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Biochim Biophys Acta Gen Subj. 2017 Mar;1861(3):615-623. doi: 10.1016/j.bbagen.2017.01.004. Epub 2017 Jan 4.

Protein toxins of the Echis coloratus viper venom directly activate TRPV1.

Author information

1
Institute for Drug Research (IDR), School of Pharmacy, Faculty of Medicine, The Hebrew University of Jerusalem, Israel.
2
Institute for Drug Research (IDR), School of Pharmacy, Faculty of Medicine, The Hebrew University of Jerusalem, Israel. Electronic address: avip@ekmd.huji.ac.il.

Abstract

BACKGROUND:

Peptide and protein toxins are essential tools to dissect and probe the biology of their target receptors. Venoms target vital physiological processes to evoke pain. Snake venoms contain various factors with the ability to evoke, enhance and sustain pain sensation. While a number of venom-derived toxins were shown to directly target TRPV1 channels expressed on somatosensory nerve terminals to evoke pain response, such toxins were yet to be identified in snake venoms.

METHODS:

We screened Echis coloratus saw-scaled viper venom's protein fractions isolated by reversed phase HPLC for their ability to activate TRPV1 channels. To this end, we employed heterologous systems to analyze TRPV1 and NGF pathways by imaging and electrophysiology, combined with molecular biology, biochemical, and pharmacological tools.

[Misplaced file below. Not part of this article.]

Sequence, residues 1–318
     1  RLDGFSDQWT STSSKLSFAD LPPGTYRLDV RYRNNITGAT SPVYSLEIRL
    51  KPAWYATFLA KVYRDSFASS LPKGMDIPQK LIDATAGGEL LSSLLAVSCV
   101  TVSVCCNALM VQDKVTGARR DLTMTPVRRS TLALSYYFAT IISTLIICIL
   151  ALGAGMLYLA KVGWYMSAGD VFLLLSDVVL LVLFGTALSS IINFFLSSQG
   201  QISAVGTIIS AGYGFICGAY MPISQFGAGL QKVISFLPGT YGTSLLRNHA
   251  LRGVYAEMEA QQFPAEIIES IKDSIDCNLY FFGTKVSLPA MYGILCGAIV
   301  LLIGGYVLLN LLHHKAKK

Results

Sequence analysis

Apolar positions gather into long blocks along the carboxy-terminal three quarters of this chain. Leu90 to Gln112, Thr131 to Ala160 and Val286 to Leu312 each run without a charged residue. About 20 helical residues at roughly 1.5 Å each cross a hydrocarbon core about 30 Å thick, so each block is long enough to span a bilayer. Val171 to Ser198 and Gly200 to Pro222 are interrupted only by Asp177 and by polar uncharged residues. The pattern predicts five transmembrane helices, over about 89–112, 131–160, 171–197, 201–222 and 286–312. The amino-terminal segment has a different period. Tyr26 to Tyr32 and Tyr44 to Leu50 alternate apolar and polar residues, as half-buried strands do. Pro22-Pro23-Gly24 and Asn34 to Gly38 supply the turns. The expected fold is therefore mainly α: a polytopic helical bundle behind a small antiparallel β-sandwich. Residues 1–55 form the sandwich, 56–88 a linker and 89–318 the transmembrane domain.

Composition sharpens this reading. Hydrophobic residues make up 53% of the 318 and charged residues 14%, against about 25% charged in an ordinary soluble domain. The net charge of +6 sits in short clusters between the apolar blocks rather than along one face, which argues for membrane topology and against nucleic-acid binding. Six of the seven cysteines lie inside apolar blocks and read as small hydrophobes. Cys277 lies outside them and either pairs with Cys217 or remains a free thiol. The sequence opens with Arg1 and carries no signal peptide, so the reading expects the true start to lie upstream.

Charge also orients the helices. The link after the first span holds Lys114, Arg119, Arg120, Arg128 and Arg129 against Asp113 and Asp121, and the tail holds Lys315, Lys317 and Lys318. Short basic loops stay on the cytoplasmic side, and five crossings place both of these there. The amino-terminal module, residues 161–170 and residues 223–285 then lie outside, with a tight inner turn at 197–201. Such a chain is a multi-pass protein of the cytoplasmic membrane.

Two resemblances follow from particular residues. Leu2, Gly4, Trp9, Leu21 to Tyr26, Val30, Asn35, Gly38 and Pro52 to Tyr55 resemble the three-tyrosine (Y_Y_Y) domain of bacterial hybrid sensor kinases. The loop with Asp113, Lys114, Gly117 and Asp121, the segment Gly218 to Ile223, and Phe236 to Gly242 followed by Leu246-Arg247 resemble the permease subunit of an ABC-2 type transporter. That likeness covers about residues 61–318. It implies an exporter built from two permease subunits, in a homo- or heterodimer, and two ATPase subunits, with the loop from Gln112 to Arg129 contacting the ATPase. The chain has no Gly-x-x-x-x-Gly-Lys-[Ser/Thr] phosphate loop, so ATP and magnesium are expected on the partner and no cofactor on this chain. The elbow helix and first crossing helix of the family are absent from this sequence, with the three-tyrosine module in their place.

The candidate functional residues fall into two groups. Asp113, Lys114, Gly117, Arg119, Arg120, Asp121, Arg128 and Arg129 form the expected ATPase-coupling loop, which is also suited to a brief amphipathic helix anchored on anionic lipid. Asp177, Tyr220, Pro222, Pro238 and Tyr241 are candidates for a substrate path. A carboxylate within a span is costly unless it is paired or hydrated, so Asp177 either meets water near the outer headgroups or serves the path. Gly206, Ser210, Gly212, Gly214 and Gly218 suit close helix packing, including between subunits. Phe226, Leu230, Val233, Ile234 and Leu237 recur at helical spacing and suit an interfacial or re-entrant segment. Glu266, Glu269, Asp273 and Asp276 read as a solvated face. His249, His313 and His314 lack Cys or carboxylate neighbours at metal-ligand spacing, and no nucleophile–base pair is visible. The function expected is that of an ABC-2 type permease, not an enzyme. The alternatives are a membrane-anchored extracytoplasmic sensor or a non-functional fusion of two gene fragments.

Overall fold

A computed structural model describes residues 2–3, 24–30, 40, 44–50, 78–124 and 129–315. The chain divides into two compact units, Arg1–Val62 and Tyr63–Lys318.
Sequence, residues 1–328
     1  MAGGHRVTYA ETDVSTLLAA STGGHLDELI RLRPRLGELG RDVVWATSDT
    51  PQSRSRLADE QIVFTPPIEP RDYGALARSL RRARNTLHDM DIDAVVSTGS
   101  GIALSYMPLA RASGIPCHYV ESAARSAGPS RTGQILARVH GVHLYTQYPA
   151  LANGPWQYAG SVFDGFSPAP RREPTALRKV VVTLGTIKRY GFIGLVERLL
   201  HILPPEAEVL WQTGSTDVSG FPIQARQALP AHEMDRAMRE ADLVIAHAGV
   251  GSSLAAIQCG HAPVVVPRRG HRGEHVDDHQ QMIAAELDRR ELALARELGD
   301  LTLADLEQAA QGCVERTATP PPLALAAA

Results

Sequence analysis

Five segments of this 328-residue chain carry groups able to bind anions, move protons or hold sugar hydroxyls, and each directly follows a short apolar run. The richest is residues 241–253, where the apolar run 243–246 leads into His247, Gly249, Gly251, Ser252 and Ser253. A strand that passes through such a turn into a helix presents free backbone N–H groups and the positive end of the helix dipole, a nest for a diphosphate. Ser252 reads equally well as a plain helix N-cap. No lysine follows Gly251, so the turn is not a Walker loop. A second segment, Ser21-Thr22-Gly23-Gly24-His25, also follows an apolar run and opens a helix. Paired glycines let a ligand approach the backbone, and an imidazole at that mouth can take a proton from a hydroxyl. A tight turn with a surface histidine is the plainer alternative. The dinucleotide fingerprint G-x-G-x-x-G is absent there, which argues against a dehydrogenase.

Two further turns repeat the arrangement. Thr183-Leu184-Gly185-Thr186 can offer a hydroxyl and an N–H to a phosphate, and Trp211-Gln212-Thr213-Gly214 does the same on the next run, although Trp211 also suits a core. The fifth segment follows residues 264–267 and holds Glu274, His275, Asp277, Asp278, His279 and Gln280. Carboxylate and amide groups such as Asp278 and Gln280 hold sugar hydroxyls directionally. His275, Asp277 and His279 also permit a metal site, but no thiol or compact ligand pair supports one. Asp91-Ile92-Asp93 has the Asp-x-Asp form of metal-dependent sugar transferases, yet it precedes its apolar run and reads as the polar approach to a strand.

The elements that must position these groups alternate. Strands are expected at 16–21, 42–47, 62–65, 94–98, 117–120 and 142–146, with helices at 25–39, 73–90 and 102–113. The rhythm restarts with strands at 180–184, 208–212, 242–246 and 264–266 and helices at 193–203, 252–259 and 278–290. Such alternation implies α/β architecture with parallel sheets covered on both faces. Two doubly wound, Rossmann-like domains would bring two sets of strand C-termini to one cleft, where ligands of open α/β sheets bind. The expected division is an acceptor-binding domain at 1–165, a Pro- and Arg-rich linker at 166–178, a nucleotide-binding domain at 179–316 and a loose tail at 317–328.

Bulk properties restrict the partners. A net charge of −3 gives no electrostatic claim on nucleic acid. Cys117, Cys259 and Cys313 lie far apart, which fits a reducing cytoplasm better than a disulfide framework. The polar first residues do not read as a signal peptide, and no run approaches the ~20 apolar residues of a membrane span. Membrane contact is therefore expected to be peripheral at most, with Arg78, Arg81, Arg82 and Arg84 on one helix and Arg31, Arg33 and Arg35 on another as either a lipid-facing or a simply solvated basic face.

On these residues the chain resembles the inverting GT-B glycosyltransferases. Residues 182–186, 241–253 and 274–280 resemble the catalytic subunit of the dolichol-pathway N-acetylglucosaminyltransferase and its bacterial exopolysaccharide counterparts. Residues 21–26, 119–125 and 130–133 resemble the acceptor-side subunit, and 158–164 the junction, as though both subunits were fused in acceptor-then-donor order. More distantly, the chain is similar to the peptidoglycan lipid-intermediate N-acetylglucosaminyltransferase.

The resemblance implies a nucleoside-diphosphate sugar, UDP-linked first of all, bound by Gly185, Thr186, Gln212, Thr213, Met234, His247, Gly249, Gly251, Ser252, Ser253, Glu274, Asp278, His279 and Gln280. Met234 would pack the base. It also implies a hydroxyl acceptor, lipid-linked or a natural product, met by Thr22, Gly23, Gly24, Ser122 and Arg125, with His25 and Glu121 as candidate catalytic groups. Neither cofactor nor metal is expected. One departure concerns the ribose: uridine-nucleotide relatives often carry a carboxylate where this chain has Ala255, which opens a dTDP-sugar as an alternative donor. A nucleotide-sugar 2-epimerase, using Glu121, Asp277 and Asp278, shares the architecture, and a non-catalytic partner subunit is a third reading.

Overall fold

RESULTS:

We identified TRPV1 activating proteins in the venom of Echis coloratus that produce a channel-dependent increase in intracellular calcium and outwardly rectifying currents in neurons and heterologous systems. Interestingly, channel activation was not mediated by any of its known toxin binding sites. Moreover, although NGF neurotropic activity was detected in this venom, TRPV1 activation was independent of NGF receptors.

CONCLUSIONS:

Echis coloratus venom contains proteins with the ability to directly activate TRPV1. This activity is independent of the NGF pathway and is not mediated by known TRPV1 toxins' binding sites.

GENERAL SIGNIFICANCE:

Our results could facilitate the discovery of new toxins targeting TRPV1 to enhance current understanding of this receptor activation mechanism. Furthermore, the findings of this study provide insight into the mechanism through which snakes' venom elicit pain.

KEYWORDS:

Capsaicin; Echis coloratus; HPLC protein fraction; Live-cell calcium imaging; NGF; Pain; Patch clamp technique; TRPV1; Toxins; Viperidae venom

PMID:
28063984
DOI:
10.1016/j.bbagen.2017.01.004
[Indexed for MEDLINE]

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